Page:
When small businesses are casualties of the trade war

Company’s claim of hardship gets little sympathy

I have no idea whether the trade war with China and the imposition of tariffs will be beneficial in the end to the United States or its workforce. However, I disagree with Jeff Greenstein on several fronts (“The trade war with China has hurt my small business in Massachusetts,” Opinion, Feb. 10).

He writes that “because of a sophisticated manufacturing process,” his bike accessory products “are built in China.” He adds that “the United States doesn’t have the raw materials or the skilled labor to build them.” The United States and its workforce manufacture some of the most sophisticated items in the world, including semiconductors, satellites, fighter jets, rockets, and so on, and these require extremely sophisticated manufacturing processes. I believe the labor force in this country is still the most skilled labor force in the world.


It’s unfortunate that Greenstein’s company is being affected, but perhaps some additional contingency planning may have helped mitigate his current margin issues.

Paul Daigle


Decades of poor policies have brought us to this situation

Jeff Greenstein makes questionable statements when complaining about the China trade war and its effect on his business. His business, Delta Cycle, sells small, low-tech mechanical products that stretch the term “innovative.” The “sophisticated manufacturing process” to make these items that he claims exists only in China is at best what is called “light assembly,” usually done by semiskilled workers.

The claim that “the United States doesn’t have the raw materials or the skilled labor force to build them” is odd, since the Boston area has metals and plastics suppliers as well as available semiskilled labor. I think that the innovation that is needed in this case is to develop alternate sources in the United States.

Finally, although it is President Trump’s trade war, the poor policies that led to the need for action on China trade have been encouraged by both political parties for more than 20 years, and complaining on the Opinion page will not solve Delta Cycle’s problems.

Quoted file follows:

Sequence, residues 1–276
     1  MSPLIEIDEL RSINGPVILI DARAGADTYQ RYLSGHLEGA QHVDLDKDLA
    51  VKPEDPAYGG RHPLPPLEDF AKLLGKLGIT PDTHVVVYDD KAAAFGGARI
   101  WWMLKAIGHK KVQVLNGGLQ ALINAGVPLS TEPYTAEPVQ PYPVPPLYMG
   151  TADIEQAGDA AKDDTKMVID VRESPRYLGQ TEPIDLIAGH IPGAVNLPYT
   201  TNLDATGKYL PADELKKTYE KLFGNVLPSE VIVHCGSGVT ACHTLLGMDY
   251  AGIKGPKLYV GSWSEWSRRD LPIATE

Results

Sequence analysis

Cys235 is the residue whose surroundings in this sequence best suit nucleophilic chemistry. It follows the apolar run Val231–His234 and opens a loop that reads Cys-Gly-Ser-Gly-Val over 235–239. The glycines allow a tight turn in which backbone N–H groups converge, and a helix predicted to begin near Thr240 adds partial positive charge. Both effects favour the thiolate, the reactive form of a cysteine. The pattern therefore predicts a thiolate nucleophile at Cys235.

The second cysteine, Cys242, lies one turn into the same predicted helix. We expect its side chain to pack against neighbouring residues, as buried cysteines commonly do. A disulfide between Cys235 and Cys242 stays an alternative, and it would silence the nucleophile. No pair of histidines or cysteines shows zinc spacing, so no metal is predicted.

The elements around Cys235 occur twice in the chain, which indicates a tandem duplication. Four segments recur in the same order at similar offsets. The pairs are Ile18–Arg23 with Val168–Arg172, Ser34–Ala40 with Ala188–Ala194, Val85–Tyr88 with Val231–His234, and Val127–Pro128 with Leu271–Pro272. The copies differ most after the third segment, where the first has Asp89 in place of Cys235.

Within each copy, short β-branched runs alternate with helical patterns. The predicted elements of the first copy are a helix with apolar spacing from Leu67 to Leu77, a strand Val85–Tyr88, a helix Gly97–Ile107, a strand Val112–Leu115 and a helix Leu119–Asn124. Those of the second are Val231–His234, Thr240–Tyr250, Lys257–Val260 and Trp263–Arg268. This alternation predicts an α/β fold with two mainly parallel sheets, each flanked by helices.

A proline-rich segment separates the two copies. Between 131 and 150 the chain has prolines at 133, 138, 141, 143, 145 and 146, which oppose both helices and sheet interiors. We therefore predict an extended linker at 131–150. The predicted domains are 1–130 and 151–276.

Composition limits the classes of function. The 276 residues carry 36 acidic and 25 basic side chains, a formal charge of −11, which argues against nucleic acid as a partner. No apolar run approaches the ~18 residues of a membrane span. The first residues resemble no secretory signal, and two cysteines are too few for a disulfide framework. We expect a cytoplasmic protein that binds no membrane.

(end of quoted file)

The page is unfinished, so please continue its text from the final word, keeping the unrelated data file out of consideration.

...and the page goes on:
Ed Wojtaszek


Stress and turmoil for US firms and workers, with no end in sight

The opinion piece by Jeff Greenstein resonated strongly with me as a small-business owner. I own a customs brokerage firm, and, like other companies in the logistics industry, we have felt the negative impact of tariffs on products from China and other countries.

Our clients are importing fewer shipments because they can’t afford the impact on their bottom line when they’re forced to absorb extra costs or pass them on to their customers. Some are contractually bound to agreed-upon pricing, regardless of duty increases, leaving them no choice but to absorb the cost and then reduce work hours or staffing. These are American workers who are being negatively affected by the tariffs, with no end in sight.

The recent so-called deal touted by the Trump administration as phase one of negotiations led to a minor decrease in duty from 15 percent to 7.5 percent on one of four lists of products currently subject to tariff increases. The other lists remain in place at a more punitive 25 percent duty rate, with no indication of when, or if, that will change. Those lists cover manufacturing components, not consumer goods, so their impact is not felt as rapidly as items on the fourth list — an interesting point, given that this is an election year.

During 33 years of business, I have never experienced the turmoil and stress, both financial and emotional, that have become the norm in the import industry. Regulations and rates change with a tweet, leaving customs and the import community scrambling to keep up, while supply chains built over many years struggle to keep the flow of commerce going at reasonable pricing.


Ellen Schwartz

T. H. Weiss Inc.

East Boston

Tariff program threatens small firms’ survival

Kudos to Jeff Greenstein for his comments about the problems that small businesses face because of the 2018 China tariffs.

I am a small-business owner relying by necessity on Chinese manufacturing and employing 10 US employees in Cambridge, and these tariffs devastated my company’s bottom line last year. The impact continues into 2020.

I take little comfort in reading that I am not alone. A tariff program like this threatens the very survival of many small businesses, and there is no easy way out for us. Passing costs on to the customer is not a viable option.

Government agencies that are meant to offer some relief aren’t easily accessible for many small companies like ours, which is especially disappointing given the collective impact on the lives of our employees and on our nation’s economy.

Paul Morris

Global Light Co.


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